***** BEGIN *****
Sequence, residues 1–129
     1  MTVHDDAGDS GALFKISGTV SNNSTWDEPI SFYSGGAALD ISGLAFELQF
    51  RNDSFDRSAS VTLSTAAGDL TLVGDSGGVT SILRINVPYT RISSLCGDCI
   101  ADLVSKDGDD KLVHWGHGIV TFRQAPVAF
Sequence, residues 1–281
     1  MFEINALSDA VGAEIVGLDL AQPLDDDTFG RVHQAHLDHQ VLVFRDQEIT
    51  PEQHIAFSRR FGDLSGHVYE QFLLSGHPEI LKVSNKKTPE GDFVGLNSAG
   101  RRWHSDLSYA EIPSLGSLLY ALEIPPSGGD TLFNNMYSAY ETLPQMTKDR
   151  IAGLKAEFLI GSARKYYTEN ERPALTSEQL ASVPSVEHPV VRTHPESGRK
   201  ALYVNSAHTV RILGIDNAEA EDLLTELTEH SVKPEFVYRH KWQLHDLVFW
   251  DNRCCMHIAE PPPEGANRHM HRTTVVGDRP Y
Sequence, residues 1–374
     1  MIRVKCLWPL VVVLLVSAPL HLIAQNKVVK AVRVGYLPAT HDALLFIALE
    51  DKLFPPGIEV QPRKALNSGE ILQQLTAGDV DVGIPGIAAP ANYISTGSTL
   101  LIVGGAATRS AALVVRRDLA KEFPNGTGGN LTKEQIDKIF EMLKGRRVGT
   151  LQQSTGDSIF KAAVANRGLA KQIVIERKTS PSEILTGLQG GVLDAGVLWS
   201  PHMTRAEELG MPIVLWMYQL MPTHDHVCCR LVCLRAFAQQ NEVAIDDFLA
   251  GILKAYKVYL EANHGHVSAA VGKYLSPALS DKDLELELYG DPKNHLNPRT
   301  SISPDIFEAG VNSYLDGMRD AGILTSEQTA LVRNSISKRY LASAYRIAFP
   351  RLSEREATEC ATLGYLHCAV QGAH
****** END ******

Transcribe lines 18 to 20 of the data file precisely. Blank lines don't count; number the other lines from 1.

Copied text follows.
   251  GILKAYKVYL EANHGHVSAA VGKYLSPALS DKDLELELYG DPKNHLNPRT
   301  SISPDIFEAG VNSYLDGMRD AGILTSEQTA LVRNSISKRY LASAYRIAFP
   351  RLSEREATEC ATLGYLHCAV QGAH